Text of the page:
And, Moderation seems like some far off dream planet that doesn’t exist.
So, the third problem with “clean eating” is that when we want to eat things that are deemed “unhealthy” and yet we have no idea how to include them moderately.
Adding to that, there is generally a sense of guilt surrounding the consumption of said, “unhealthy” food/treat.
Long story short, clean eating doesn’t not teach one portion control.
Why clean eating doesn’t help people lose weight.
As a fat loss coach, I rarely work with very “fat” people or couch potatoes.
I work with avid exercise enthusiasts. Active people. People who work hard and are trying to get leaner and feel better in their clothes.
I work with people who have the exercise routine down but can’t figure out why their “clean eating” habits aren’t working, and why they don’t feel as badass in their clothes as they do in the gym.
The biggest issue I have with “healthy eating” (speaking from personal experience and from working with over 250 unique individuals) is that healthy eating deals with food choices and not with portion sizes.
My clients come to me with zero idea of how much they should be eating to sustain their daily life tasks, let alone their crazy workout schedules.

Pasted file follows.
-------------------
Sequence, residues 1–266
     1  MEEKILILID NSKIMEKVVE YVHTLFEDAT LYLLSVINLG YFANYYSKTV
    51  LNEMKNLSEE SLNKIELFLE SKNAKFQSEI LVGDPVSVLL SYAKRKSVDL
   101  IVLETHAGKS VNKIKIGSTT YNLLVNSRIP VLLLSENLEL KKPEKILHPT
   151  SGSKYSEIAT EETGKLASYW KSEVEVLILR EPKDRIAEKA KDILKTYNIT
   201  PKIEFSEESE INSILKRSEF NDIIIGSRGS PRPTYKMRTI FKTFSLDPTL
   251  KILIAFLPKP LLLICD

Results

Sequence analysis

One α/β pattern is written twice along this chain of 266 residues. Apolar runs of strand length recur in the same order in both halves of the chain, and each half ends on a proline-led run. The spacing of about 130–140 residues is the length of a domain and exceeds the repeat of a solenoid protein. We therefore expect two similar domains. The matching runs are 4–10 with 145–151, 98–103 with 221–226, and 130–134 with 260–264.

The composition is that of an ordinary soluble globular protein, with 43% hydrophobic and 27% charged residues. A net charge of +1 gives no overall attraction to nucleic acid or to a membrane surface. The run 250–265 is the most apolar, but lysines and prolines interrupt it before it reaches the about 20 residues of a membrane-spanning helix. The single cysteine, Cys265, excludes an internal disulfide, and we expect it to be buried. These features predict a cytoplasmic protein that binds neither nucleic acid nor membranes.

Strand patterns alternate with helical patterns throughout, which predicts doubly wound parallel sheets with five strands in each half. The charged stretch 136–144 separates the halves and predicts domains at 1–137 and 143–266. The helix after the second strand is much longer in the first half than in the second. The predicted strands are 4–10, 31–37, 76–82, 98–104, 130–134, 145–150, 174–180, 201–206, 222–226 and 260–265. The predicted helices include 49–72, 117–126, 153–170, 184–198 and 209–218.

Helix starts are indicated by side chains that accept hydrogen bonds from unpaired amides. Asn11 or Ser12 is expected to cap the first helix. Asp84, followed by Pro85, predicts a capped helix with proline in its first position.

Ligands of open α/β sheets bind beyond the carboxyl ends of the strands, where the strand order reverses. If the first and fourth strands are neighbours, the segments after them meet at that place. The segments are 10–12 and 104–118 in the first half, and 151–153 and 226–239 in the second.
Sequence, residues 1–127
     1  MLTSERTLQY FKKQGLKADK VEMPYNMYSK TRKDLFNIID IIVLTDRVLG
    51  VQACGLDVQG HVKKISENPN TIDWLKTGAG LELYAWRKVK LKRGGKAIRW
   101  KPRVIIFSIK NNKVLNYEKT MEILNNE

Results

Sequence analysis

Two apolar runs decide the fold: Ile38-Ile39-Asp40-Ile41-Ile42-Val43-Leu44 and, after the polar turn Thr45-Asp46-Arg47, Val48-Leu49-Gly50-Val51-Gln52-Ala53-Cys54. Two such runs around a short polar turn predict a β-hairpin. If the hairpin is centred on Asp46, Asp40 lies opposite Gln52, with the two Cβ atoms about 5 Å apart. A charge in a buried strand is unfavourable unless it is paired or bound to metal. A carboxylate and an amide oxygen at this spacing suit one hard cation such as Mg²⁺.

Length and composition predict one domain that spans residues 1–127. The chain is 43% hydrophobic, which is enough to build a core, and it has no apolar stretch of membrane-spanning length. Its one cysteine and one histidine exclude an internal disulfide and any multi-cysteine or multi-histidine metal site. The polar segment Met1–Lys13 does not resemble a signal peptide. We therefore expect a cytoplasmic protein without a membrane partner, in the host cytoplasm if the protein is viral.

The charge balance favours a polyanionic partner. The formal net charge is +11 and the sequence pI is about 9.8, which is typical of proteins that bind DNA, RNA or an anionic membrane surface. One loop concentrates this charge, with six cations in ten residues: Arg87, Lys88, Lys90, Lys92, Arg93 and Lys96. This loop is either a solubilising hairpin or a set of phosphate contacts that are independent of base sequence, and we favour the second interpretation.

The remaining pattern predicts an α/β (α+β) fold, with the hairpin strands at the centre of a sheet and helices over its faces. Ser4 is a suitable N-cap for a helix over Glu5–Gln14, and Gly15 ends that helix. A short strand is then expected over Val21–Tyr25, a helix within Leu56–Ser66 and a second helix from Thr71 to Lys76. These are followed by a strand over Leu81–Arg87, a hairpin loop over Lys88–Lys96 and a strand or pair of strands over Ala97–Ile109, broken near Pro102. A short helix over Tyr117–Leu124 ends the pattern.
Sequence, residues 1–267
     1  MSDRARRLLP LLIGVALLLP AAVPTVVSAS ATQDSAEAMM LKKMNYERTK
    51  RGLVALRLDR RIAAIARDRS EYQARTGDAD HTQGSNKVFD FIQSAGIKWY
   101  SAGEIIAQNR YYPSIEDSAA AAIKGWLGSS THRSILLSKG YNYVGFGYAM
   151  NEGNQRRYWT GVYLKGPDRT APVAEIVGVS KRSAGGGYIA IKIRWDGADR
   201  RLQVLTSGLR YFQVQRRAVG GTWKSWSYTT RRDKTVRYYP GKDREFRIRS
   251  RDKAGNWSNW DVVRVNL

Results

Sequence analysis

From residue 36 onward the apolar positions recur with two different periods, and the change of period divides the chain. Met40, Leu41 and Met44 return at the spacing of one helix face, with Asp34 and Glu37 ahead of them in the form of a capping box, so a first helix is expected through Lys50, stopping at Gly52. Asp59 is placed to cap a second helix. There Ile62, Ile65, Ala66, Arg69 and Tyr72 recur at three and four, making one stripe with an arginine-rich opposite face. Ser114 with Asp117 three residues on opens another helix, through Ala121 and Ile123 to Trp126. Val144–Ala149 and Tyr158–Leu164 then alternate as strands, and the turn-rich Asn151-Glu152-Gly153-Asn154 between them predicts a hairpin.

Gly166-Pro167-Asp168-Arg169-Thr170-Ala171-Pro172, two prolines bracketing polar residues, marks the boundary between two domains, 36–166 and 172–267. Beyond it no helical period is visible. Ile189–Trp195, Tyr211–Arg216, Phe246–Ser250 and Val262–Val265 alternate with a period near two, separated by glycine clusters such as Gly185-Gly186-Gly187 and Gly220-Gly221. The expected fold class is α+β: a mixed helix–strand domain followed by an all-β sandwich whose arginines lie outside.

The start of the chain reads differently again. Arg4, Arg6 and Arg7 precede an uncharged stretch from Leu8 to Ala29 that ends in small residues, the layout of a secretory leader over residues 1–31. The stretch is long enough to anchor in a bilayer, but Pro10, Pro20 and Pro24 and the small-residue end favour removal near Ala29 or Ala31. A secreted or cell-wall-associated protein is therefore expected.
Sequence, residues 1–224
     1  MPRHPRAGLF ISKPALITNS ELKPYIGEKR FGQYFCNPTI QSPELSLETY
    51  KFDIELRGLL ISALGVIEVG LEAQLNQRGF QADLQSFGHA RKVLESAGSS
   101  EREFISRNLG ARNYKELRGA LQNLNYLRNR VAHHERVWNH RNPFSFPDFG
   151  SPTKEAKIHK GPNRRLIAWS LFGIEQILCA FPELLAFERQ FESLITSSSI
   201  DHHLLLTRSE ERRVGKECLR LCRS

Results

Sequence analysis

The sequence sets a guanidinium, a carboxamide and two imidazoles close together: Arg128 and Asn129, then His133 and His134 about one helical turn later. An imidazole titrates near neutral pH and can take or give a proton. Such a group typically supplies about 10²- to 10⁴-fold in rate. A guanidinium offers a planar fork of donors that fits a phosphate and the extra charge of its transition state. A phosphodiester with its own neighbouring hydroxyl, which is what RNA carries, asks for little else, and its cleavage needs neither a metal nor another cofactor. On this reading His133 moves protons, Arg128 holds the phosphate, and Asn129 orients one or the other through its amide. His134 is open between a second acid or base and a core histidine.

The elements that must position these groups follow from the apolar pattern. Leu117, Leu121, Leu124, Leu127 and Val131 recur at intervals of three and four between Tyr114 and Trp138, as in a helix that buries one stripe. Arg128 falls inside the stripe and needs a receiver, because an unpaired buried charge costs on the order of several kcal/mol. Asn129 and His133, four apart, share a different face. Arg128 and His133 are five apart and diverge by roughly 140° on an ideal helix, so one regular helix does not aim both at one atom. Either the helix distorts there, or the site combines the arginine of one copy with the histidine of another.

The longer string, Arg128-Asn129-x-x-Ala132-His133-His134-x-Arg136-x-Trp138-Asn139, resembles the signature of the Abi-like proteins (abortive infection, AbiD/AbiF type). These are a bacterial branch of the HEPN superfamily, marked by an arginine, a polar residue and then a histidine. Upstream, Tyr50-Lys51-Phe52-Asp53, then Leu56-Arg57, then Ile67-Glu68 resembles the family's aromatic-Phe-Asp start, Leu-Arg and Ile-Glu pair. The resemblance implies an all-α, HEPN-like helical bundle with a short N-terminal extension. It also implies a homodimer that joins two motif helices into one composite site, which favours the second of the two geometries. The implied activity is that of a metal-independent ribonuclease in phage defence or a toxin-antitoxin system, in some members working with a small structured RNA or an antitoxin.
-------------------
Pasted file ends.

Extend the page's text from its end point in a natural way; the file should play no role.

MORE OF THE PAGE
And, in order to find a way to create a slight, sustainable deficit to lose fat over time, they must learn how to quantify what we are doing, and they first place we usually look at is where they can cut out fats so they aren’t consuming 45-60% fat in their daily diet.
Kind of like a financial planner helps someone save money for a car or a house, without feeling like they have to put 80% of their paycheck away each week.
So what does work?
Flexible dieting works, in my opinion.
The Dare to Eat program I created teaches flexible dieting, which, in term teaches people how to quantify what they are doing each day, whether it’s drinking wine, eating avocado or having tacos for lunch.
For this article’s purposes “flexible dieting” refers to the idea that firstly, it is “flexible;” meaning the foods you can eat are open, or free to your discretion.
After all, no food is “good” or “bad,” what matters is how may food you eat in sum.
For instance, in summer 2011 I spent six weeks in France and I lost six pounds eating bread, cheese and peanut butter (my lovely mother shipped it to me) and drinking wine.
I got super skinny because I was eating far less than I needed daily, “Ca m’et egale le type de la nourriture.” (It didn’t matter what type of food it was).